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Surgery went great!  There wasn’t any reason to take more than a day or two or prescribed pain medication and over the counter medicines worked.  A few days before a follow up with the doctor, there is nearly a full bottle or pain pills left over. Throw them in the trash?  Flush ‘em down the drain?  Keep them for an emergency?

What do to do with all those pills?

Here are a few options for disposing of your unused or unwanted narcotic pain medications in a safe way.


Community Drug Take Back Programs

Many pharmacies and drug companies partner up with local communities and offer a safe way to dispose of unwanted or unused medications, no questions asked.  Collectors are registered with the DEA as an authorized site, and can often be found at hospitals, clinics, or pharmacies.  You can visit the DEA website or call 1-800-882-9539 for more information.  This not only keeps medicine cabinets clear of clutter and unused pills, but helps prevent misuse by unintended persons.


Injuries and deaths in teens and young adults from opioid drug abuse has risen in recent years due to the ease of getting pills from their parents, grandparents, or close neighbors bathroom rather than off the streets.  Removing these medications from the household as soon as they are not needed helps to remove the danger of abuse or accidental overdose.  Call the local police stations non-emergency line or visit their website for more information about community based disposal programs.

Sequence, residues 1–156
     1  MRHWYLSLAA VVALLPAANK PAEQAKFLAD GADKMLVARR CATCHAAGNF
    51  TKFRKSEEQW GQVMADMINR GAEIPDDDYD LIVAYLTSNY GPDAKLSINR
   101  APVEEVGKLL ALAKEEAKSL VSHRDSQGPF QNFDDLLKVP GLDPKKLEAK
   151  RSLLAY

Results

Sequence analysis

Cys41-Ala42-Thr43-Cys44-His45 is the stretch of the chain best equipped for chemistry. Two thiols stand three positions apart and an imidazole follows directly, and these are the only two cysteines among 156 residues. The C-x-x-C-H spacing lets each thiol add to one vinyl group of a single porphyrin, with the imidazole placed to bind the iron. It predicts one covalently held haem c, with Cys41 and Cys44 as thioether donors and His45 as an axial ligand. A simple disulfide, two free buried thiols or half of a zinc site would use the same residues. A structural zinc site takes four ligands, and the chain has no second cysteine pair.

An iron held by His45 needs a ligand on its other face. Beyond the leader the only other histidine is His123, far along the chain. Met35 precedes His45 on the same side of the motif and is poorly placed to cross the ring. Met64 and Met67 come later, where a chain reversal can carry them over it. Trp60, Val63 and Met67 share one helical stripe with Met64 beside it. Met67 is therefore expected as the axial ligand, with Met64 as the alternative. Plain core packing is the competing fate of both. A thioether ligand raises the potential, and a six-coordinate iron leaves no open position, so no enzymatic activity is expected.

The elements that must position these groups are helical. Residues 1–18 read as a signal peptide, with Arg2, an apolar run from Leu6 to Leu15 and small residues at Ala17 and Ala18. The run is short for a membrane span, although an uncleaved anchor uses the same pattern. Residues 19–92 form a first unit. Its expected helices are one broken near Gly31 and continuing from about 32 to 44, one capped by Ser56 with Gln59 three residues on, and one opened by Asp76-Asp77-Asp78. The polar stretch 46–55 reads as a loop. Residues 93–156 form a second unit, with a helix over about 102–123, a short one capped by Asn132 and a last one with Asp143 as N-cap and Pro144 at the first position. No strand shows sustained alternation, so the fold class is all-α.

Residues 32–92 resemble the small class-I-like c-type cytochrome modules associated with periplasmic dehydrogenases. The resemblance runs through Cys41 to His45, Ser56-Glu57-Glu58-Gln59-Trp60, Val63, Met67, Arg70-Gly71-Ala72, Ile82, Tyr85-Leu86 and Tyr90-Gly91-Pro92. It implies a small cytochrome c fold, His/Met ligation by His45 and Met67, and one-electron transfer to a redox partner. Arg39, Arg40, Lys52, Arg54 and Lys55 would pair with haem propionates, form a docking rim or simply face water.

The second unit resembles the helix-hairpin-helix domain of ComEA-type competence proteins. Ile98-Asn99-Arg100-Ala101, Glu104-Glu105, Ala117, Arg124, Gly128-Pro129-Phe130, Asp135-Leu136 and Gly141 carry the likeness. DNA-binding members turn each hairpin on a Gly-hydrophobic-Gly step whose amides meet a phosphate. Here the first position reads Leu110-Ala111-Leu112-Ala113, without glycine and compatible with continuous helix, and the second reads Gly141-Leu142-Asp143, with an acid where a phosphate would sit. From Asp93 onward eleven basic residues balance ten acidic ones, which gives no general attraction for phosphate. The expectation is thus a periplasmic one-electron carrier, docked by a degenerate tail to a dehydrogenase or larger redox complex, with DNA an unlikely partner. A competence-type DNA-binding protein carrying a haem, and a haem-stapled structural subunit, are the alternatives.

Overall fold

At Home Disposal

A lot of medication inserts and instructions will have disposal recommendations.  If there are no instructions and no community based disposal programs in the area, there are some easy steps to take to dispose of unwanted medications:


  • Remove them from their bottle and mix them up with some undesirable substance, such as coffee grounds or kitty litter. This makes them less appealing to garbage eating pets or children.  It also helps make the drug less recognizable to anyone going through the trash looking for drugs.


  • Place the mixture in a sealed bag, jar, or can that will not leak or fall out of the garbage on trash day.


When disposing of the bottle itself, remove or scratch out all identifiable information from the bottle. This helps protect personal and protected health information and from someone trying to pick up any refills left on the prescription.



Unused or unwanted medications should never be given to anyone that it was not prescribed to. 

The medication was for a purpose, and the doctor performed a comprehensive health history review prior to prescribing it.  A friend or co-worker could have a complicated health history, allergies, or be taking  other medications that could have serious interactions.  Trying to help a friend could cause serious, life threatening situations.  It is easy to get rid of it the right way and make the community a safer place for everyone.



By: By: Riki Duncan, MA. Ed, ATC, LAT